A memorable event was when he took his horse Mose Harpur to the famous Velka Pardubice steeplechase in the Czech Republic on two occasions. While the horse finished full of running, unfortunately it was without his jockey! Ten Bears and Lady Iseult he says are work in progress.

Darren Boylan is hunting the pack this season, but the hounds are cared for by kennel huntsman Neil Cooney. This follows the retirement of Chris Smith who hunted the pack for 17 seasons. Darren is a fine horseman as he point-to-pointed and rode work for a number of trainers in the area, as well as hunting with the Ward Union Staghounds.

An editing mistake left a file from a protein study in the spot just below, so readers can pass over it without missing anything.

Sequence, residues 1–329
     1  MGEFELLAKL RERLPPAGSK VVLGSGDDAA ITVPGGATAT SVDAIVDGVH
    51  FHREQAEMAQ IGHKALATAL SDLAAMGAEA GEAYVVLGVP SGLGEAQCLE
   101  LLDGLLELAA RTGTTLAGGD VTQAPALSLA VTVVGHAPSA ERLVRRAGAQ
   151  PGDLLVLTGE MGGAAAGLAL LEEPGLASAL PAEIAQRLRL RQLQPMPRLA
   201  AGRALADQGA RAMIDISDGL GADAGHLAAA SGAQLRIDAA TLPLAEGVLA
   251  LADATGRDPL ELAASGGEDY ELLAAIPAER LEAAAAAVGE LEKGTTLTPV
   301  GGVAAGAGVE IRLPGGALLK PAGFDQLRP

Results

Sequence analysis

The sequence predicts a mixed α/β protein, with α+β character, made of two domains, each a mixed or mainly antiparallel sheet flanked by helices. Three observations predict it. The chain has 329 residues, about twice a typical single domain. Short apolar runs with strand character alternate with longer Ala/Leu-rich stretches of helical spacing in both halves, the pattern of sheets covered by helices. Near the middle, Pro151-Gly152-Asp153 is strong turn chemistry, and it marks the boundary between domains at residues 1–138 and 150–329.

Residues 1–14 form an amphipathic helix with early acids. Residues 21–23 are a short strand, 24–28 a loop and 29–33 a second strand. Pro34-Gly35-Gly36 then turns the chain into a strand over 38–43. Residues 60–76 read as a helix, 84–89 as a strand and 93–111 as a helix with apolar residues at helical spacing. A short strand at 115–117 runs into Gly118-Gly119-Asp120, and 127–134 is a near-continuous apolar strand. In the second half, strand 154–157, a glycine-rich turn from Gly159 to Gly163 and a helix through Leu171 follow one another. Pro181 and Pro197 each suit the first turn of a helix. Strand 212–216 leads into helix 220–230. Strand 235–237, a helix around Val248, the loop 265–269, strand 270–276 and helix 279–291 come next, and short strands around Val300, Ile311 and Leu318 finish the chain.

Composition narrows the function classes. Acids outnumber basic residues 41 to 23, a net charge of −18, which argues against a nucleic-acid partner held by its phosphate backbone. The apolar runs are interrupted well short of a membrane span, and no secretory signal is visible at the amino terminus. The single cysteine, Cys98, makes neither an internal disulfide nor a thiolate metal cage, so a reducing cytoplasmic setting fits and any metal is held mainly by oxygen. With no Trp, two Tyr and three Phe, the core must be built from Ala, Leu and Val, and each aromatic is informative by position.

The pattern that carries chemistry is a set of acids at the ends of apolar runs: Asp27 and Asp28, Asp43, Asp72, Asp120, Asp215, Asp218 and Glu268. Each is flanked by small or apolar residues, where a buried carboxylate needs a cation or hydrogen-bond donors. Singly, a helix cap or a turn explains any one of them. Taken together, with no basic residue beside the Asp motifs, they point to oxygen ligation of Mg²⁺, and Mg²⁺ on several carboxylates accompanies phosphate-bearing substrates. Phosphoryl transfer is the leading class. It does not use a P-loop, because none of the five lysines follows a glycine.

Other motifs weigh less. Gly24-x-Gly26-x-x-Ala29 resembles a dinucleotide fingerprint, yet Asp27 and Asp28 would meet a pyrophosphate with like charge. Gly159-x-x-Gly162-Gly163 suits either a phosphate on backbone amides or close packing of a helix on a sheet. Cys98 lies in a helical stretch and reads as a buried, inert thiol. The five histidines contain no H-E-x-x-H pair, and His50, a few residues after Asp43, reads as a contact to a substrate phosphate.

Whipping-in is farrier and joint master Stephen Comerford and Darren ‘Swifty’ Jordan, two good men to cross country. Swifty has put many good horses through his hands, one in the news recently was Corraghoe Steel who won a Grand Prix in Spain ridden by an up-and-coming star Ella Clancy (featured recently in The Irish Field by Roisin Sheridan).

I remember Ella competing on her Connemara pony Kilshanny Snowball at the Dublin Horse Show. Ella’s father Liam was master of the Blazers for many years. Swifty has also produced Kilbrew Field of Dreams, winner of the Heavyweight Working Hunter Class in Dublin and Kilbrew Legend, fourth in the Performance Irish Draught Class.

Of the 14½ couple of hounds hunting, 2½ couple were first season and, as we found out later, they were alternating leading the pack on what turned out to be a very enjoyable day